|Parenthetical Citation||“The deployment of the cultural mythology of the veil in the service of empire is not unique to the U.S. context” (Jarmakani, 2008, p. 162).|
|Narrative Citation||Amira Jarmakani (2008) argued that “the deployment of the cultural mythology of the veil in the service of empire is not unique to the U.S. context” (p. 162).|
|Corresponding Reference List Entry||Jarmakani, A. (2008). Imagining Arab womanhood: The cultural mythology of veils, harems, and belly dancers in the U.S. Palgrave Macmillan.|
Note. Adapted from American Psychological Association, 2020, p. 262.
Parenthetical citation format and narrative citation format both require the author’s last name, a year of publication, and a page number. Each in-text citation must correspond with a reference list entry.
If a source does not have a page number, it is appropriate to use another location indicator such as a paragraph number, slide number, or subtitle.
Styles of Citation
|One Author||(Massoud, 2020, p. 4)||Massoud (2020) argued… (p. 4).|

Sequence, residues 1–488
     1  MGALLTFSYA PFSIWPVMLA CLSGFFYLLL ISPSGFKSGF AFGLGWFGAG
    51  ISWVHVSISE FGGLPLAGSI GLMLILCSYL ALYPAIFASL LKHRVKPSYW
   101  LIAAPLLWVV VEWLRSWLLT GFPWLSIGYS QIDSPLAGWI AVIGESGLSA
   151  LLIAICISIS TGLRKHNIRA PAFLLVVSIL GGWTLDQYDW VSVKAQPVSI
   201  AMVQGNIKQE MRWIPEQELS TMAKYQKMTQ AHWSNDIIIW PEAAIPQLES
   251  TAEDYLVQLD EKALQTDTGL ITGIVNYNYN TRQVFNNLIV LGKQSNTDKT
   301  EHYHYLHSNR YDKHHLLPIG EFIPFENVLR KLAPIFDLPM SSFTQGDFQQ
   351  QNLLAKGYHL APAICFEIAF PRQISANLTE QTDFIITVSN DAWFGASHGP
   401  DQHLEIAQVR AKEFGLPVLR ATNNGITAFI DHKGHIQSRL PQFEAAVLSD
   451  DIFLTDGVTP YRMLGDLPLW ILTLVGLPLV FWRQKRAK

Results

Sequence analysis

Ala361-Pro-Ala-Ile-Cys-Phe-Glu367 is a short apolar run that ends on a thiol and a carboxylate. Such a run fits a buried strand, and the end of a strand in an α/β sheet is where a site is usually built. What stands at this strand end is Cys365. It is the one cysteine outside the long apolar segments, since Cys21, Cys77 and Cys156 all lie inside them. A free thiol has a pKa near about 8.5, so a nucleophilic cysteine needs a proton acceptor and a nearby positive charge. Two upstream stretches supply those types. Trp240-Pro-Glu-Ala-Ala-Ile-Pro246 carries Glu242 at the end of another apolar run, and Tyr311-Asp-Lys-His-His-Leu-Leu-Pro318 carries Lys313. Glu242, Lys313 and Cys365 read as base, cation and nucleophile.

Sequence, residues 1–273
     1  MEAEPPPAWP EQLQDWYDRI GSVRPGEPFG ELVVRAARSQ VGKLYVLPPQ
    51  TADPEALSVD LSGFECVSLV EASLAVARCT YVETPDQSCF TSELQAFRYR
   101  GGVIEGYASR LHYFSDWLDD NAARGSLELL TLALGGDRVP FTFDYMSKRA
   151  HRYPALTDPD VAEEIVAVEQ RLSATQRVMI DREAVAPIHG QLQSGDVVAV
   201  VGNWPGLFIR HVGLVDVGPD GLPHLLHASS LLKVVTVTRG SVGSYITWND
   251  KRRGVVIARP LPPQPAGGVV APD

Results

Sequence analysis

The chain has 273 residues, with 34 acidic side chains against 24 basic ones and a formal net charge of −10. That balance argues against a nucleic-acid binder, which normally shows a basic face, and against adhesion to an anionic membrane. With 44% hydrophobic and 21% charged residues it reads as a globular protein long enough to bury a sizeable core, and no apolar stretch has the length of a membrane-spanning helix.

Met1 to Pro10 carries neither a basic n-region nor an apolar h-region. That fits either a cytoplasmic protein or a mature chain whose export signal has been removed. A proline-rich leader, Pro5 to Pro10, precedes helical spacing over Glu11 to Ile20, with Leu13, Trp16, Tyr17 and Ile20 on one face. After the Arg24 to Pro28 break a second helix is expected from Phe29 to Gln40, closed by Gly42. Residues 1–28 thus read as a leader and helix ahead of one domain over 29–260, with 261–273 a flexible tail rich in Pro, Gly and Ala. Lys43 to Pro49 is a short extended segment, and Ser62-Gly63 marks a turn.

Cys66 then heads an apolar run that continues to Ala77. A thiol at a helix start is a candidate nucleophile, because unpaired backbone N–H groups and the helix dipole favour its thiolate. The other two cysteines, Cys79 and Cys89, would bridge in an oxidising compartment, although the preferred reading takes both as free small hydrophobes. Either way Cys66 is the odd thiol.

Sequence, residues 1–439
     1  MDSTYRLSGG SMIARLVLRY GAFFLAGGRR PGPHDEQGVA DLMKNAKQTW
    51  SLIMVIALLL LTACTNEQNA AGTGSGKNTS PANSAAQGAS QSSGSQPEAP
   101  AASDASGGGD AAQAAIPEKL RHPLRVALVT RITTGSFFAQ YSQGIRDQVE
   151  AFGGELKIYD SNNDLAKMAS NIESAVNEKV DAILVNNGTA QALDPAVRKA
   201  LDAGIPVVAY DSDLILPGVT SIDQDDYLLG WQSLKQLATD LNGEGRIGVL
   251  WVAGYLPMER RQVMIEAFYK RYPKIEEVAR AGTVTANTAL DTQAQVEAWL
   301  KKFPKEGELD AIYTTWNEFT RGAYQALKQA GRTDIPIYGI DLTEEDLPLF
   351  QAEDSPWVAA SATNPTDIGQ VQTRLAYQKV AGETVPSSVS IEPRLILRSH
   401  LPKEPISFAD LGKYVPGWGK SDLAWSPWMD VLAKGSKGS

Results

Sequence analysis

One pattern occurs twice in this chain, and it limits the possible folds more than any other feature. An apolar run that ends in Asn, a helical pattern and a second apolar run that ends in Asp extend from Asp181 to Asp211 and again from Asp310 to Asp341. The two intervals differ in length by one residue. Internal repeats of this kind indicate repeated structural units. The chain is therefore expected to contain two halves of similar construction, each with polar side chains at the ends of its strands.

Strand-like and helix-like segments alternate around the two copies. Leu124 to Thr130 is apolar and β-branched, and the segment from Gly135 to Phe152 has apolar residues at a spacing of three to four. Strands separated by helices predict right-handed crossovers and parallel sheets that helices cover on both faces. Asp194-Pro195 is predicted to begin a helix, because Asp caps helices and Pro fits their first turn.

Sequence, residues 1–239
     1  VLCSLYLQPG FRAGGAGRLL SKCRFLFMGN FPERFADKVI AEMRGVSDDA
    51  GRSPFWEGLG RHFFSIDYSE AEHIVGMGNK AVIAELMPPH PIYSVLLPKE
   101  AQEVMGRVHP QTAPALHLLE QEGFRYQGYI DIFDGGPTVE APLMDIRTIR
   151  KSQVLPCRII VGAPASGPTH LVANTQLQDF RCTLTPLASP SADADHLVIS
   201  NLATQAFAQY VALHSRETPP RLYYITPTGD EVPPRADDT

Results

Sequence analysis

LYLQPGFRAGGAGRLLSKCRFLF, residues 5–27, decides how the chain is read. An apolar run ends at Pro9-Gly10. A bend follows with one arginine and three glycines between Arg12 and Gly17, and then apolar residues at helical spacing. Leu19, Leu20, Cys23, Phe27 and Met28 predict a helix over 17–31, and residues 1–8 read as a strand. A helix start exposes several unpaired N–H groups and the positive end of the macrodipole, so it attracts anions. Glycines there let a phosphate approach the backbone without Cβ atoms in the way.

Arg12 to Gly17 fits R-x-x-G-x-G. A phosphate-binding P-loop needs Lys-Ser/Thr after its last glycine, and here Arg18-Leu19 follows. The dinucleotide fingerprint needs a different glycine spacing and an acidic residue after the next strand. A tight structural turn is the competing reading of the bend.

|Two Authors||(Ali & Thompson, 1999, p. 3)||Ali and Thompson (1999) described… (p. 3).|
|Three or more authors||(Rubin et al., 2004, para. 6)||Rubin et al. (2004) indicated… (para. 6).|
|Group author without abbreviation||(The University of Ottawa, 2009, slide 11)||The University of Ottawa (2009) suggested… (slide 11).|
|Group author with abbreviation *first citation||(The American Psychological Association [APA], 2020, p. 20)||According to the American Psychological Association (APA, 2020)… (p. 20).|
|Unknown Author *use source title in place of author||For a book or website: (How Project-Based Learning Helps, 2014, p. 41)||How Project-Based Learning Helps (2014) revealed… (p. 41).|
|Unknown Author *use source title in place of author||For an article: ("Achieving Change," 2013, para. 4)||"Achieving Change" (2013) inspired… (para. 4).|
|Unknown Date||(Conestoga College, n.d., para. 4)||Conestoga College (n.d.) showed… (para. 4).|
Note. Adapted from American Psychological Association, 2020, p. 266.